Domain names are extremely powerful in many ways, but I would estimate the single most powerful aspect of domain names is the fact that they direct anybody in the world at any time to one location. That is not easy to do! On top of that, they are accessible 24/7/365 and each one is totally unique.
Similar to the once-powerful telephone number, but with way more options and actionable solutions with a simple website attached to the domain name than a phone number could ever be.
Anybody can register or buy a domain name and you are not limited to how many you can own.
Interestingly, there are over 350 million different domain names registered all over the world. The single highest ownership by one private entity are two brothers from Colorado. They own about 4.3 million domain names. That’s a staggering number really. Even if the domain names cost $8 annually to renew, that’s $34 million dollars per year, without taking into account any acquisition or operations costs.
Companies like Microsoft own a lot of corporate domain names, to the tune of around 70,000. Amazon owns over 35,000 and many more companies own tens of thousands of domain names. Some of these domains can cost millions of dollars each, some hundreds of thousands or less. Other individual domain investors and domain investment companies own hundreds of thousands of domain names each.
Domain names live a life cycle that repeats on an annual basis. Either they are renewed by the past owner, or they are not. If they are not, the domain name can be auctioned as an “expired” domain name with a registrar partner, internal auction service or removed from the registry. The life cycle begins again with a new owner and future or sits available for someone at a later time. Of course, you can renew your domains for up to 10 years in advance.
From a branding aspect, domain names are often a company’s most valuable asset. It’s the way for anyone to navigate to them, the trusted doorman welcoming them in and the recognizable name in communication and brand awareness that triggers a user to click a link or type the domain into the address bar of a web browser.
On the other hand, many people do not even know what a domain name is. That’s crazy to me because I deal with them every day, but a lot of people do not even know what a domain name is, yet they likely visit them daily in their everyday life.
One domain name may be seemingly worthless to one individual, yet priceless to another. It’s something I didn’t understand in 2006 but better understand today. Everybody is different. Different cultures, languages, ideas, thoughts, awareness, and budgets. Demand, timing, and budget will always reflect in domain name sales prices. The perfect storm happens a decent amount. The seller isn’t interested in selling and the buyer really wants it and isn’t going to allow money to be the deciding factor of them not getting the domain.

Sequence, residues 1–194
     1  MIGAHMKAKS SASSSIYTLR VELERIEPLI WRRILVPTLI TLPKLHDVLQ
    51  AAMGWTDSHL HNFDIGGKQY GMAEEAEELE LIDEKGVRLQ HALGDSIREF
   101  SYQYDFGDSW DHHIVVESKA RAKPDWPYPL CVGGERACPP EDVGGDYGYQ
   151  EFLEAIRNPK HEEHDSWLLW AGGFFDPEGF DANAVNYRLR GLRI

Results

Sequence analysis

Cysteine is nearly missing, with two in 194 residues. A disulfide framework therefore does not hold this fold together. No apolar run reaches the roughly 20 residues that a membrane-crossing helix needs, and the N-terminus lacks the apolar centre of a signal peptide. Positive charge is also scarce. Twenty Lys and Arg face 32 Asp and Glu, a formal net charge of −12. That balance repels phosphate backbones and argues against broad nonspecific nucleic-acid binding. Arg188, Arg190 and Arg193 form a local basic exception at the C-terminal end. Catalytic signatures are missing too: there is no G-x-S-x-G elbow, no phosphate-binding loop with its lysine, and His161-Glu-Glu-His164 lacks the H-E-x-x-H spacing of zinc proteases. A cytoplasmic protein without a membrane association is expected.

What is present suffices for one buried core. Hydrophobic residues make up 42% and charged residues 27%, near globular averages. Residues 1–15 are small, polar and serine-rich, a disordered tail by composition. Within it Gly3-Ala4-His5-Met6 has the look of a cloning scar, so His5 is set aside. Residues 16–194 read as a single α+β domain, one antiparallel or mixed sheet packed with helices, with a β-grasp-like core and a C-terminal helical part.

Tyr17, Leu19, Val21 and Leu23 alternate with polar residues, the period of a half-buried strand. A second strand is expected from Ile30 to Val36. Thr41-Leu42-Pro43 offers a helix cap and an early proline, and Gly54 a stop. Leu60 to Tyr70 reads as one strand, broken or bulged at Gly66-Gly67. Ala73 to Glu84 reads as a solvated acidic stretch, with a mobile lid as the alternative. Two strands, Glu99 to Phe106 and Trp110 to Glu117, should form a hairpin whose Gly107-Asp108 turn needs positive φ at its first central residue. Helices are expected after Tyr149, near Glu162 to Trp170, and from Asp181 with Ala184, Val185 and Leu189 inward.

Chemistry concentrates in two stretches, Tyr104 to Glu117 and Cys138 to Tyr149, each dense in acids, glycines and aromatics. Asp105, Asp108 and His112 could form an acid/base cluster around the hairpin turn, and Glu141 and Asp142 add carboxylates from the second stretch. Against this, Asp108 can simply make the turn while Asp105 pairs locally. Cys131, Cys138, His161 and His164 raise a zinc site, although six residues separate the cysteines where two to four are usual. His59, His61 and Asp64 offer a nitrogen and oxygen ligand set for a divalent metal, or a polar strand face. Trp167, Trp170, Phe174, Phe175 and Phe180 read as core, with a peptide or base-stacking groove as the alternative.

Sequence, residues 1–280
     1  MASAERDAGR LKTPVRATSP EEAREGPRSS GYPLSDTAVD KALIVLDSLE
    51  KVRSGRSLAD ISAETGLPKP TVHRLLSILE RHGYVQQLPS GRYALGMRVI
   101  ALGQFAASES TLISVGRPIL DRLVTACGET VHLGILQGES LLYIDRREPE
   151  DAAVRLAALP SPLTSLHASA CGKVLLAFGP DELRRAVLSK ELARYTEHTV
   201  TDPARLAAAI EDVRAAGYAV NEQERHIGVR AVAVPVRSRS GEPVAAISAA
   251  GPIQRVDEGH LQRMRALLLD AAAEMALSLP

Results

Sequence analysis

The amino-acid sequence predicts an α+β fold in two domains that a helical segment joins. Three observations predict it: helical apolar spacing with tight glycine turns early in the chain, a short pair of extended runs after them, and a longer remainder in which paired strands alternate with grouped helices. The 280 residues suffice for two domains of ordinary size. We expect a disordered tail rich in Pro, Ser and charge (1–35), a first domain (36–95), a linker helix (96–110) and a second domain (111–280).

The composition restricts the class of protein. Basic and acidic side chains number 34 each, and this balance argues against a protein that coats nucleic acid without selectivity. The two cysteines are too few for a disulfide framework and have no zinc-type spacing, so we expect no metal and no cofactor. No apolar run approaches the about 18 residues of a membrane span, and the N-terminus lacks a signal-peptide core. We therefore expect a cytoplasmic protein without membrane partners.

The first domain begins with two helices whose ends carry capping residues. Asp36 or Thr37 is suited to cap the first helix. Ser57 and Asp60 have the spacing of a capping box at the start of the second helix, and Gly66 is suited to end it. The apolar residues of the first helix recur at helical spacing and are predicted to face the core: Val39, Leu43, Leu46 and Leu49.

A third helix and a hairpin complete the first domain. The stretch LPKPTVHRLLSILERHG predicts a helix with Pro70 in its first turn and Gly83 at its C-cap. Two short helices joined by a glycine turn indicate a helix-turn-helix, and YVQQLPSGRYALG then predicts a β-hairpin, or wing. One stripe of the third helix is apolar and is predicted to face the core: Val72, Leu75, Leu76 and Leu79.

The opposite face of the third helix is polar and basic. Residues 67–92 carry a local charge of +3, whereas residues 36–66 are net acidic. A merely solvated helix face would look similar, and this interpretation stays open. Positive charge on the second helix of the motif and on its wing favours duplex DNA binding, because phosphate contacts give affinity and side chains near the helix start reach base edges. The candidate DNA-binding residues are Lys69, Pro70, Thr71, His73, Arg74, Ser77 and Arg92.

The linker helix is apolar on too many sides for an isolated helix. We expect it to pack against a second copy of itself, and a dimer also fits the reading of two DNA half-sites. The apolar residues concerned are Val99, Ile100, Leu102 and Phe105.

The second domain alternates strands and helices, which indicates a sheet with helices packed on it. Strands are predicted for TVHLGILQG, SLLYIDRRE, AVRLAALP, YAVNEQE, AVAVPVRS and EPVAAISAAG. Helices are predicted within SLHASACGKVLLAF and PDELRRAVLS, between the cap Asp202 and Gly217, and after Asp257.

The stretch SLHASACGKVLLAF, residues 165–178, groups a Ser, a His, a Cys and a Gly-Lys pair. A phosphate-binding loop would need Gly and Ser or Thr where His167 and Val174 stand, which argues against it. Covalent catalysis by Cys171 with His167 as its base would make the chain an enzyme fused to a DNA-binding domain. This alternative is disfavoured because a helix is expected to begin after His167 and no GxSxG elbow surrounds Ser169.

If you really want or need something and there is only one existing in the world, as the buyer, you have limited options. You can get creative but the domain owner certainly sits in the driver seat. After doing this for so many years, I can say that you should be happy when you see a domain name up for sale because the alternative often results without a change of ownership, often no matter the budget size.
Ownership can get tricky and so can contacting the owner of a domain name. Businesses are bought and sold all the time and in the shuffle, domain names are often forgotten, held onto by founders or folded into the buying company, while retaining old ownership details. WHOIS privacy can add to problems finding the owner. It’s pretty easy for a digital asset to be forgotten about since domain names can be registered for up to 10 years in advance, which can leave that one of a kind asset in limbo for what seems like an eternity.
The world of domain names is interesting indeed. Domains are used much more than just for "websites". Every domain buying experience or related questions I’m asked about domains have been unique, just like the domain owners, and the domain name itself.